- Massimo Breccia1⇓,
- Roberto Latagliata1,
- Ida Carmosino1,
- Laura Cannella1,
- Daniela Diverio1,
- Anna Guarini1,
- Maria Stefania De Propris1,
- Maria Concetta Petti2,
- Giuseppe Avvisati3,
- Giuseppe Cimino1,
- Franco Mandelli1 and
- Francesco Lo-Coco4
- 1 Department of Cellular Biotechnology and Hematology, University La Sapienza, Rome
- 2 Department of Hematology, Regina Elena Institute, Rome
- 3 Medical Oncology and Haematology, Campus Bio-Medico University, Rome
- 4 Department of Biopathology, University “Tor Vergata” Rome, Italy
- Correspondence: Massimo Breccia, MD, Dept. of Human Biotechnology and Hematology, via Benevento 6, 00161 Rome, Italy. Phone: international +39.06.857951. Fax: international +39.06.44241984. E-mail:
Although all-trans retinoic acid (ATRA) is generally well tolerated, some patients develop a potentially severe and life-threatening complication referred to as retinoic acid syndrome (RAS). We analyzed here the biological and clinical characteristics of 110 consecutive patients with genetically proven APL, with the aim of identifying predictive features of developing RAS.
All patients described were treated with AIDA1 or AIDA 20002 protocols, between January 1993 and December 2005 at the University “La Sapienza” of Rome. Diagnosis was confirmed at the genetic level by RT-PCR identification of the PML/RARa hybrid as previously described.1 The presence of FLT3 internal tandem duplication (ITD) was investigated in 80 cases using the technique previously reported.3 Immunophenotype was performed by flow-cytometry using a wide panel of monoclonal antibodies including CD13, CD33, HLA-DR, CD34, CD2, CD7, CD15, CD9, CD117, CD56, MPO (Becton Dickinson, Mountain Flow, CA, USA), considering a sample antigen-positive if >20% of the cells reacted with a specific monoclonal antibody, whereas for CD34 a cut-off of >10% was used. According to Frankel et al.4, the diagnosis of definitely present RAS was clinically established by the presence of at least three of the following signs: weight gain, respiratory distress, unexplained fever, interstitial pulmonary infiltrates, pleural or pericardial effusions. For statistical analysis, the Wilcoxon-Mann-Whitney test was performed for comparison of non-parametric series and Fisher’s exact test was used to compare categories. Values of p<0.05 were considered as statistically significant. Overall survival was measured from the time of diagnosis to death or last follow-up.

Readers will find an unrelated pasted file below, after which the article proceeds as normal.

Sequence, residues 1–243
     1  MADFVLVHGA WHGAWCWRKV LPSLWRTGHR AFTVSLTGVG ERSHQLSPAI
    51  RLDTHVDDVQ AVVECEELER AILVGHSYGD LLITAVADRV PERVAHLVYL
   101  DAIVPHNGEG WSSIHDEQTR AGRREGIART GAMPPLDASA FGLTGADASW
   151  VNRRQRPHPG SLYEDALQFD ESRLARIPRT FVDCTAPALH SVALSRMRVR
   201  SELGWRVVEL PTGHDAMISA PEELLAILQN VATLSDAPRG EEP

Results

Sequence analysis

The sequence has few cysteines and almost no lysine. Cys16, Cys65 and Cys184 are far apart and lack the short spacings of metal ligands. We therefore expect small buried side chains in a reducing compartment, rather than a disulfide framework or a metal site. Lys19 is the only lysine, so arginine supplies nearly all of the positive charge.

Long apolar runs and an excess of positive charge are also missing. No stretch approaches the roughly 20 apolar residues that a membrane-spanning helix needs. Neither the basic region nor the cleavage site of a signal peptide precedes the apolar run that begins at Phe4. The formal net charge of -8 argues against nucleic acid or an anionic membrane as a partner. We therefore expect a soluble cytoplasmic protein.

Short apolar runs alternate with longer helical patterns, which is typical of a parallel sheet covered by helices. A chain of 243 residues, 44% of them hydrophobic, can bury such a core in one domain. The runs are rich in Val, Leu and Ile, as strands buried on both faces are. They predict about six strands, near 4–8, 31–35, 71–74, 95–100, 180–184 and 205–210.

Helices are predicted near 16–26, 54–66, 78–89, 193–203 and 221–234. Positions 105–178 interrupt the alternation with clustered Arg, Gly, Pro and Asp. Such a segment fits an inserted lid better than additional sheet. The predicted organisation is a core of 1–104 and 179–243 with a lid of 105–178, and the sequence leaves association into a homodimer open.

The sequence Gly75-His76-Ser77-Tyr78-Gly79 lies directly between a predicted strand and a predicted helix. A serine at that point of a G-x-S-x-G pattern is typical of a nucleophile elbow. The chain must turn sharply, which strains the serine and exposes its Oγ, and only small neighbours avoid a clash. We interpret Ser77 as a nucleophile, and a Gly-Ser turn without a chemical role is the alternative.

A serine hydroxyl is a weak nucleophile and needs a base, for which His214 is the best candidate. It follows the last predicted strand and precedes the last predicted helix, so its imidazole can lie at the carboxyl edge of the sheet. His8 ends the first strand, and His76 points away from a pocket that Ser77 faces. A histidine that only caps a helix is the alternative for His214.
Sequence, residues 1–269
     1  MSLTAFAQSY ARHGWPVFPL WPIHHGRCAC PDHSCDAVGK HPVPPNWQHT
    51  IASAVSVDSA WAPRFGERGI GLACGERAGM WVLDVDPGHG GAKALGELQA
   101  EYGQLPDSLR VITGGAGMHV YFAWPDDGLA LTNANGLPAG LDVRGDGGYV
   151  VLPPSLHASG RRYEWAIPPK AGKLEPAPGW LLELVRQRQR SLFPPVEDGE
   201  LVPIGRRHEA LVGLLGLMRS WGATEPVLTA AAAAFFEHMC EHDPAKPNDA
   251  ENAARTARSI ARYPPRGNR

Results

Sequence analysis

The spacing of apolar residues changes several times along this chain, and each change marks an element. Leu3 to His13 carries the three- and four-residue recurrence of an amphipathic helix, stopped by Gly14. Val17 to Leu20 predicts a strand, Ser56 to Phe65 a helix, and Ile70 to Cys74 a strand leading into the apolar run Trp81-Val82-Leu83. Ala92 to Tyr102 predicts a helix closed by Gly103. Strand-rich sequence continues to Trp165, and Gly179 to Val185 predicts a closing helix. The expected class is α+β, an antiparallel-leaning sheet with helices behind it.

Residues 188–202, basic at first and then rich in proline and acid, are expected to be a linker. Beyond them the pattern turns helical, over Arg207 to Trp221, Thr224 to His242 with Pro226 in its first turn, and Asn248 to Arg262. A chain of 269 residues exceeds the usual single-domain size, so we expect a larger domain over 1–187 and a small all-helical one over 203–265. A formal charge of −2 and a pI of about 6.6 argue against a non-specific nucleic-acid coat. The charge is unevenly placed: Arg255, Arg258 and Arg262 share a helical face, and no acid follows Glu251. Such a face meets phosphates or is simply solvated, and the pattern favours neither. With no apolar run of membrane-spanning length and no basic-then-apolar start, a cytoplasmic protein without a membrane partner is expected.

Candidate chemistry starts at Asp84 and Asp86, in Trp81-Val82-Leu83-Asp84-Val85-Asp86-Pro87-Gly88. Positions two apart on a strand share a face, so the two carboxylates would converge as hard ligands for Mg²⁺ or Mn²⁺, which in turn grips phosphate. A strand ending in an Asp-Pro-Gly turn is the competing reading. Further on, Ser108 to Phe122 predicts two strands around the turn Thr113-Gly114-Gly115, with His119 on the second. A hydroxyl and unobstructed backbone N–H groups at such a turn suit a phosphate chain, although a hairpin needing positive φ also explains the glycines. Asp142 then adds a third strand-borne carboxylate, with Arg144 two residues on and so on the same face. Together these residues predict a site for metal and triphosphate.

Median time elapsed between treatment initiation and first symptoms of RAS was four days (range 3–5). At the time of initial suspect of RAS, the median WBC count was 2.9×109/L; in 5/15 patients RAS was accompanied by an increase of WBC up to 10×109/L. Median peak WBC was 5.3×109/L and median doubling time was four days. Respiratory distress was the first manifestation of RAS in 12/15 patients (80%, Table 1). CT scan was performed at the earliest manifestation of respiratory distress in all patients. Pulmonary infiltrates were documented in 14/15 patients and in 3 of them without dyspnea. Fever was present in 12 patients, weight gain in all, renal failure in 2, pleural/pericardial effusions were present in 3 patients.
Treatment of RAS consisted of dexamethasone 10 mg/m2/bid until complete disappearance of symptoms, administered for a median of six days. ATRA was discontinued only in 2 cases in which RAS was considered life-threatening and did not improve with dexamethasone.